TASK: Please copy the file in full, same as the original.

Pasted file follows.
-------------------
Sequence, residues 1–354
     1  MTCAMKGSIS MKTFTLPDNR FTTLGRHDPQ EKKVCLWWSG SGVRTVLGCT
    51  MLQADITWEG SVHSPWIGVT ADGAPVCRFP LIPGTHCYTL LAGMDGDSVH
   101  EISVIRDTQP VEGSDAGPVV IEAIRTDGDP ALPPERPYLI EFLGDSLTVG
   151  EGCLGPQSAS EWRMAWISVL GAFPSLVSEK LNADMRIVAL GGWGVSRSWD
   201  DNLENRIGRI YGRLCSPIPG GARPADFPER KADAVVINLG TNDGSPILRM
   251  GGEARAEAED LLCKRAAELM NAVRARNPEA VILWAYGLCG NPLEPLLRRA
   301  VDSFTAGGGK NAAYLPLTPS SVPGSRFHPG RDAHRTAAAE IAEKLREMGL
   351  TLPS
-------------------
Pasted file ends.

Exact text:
Sequence, residues 1–354
     1  MTCAMKGSIS MKTFTLPDNR FTTLGRHDPQ EKKVCLWWSG SGVRTVLGCT
    51  MLQADITWEG SVHSPWIGVT ADGAPVCRFP LIPGTHCYTL LAGMDGDSVH
   101  EISVIRDTQP VEGSDAGPVV IEAIRTDGDP ALPPERPYLI EFLGDSLTVG
   151  EGCLGPQSAS EWRMAWISVL GAFPSLVSEK LNADMRIVAL GGWGVSRSWD
   201  DNLENRIGRI YGRLCSPIPG GARPADFPER KADAVVINLG TNDGSPILRM
   251  GGEARAEAED LLCKRAAELM NAVRARNPEA VILWAYGLCG NPLEPLLRRA
   301  VDSFTAGGGK NAAYLPLTPS SVPGSRFHPG RDAHRTAAAE IAEKLREMGL
   351  TLPS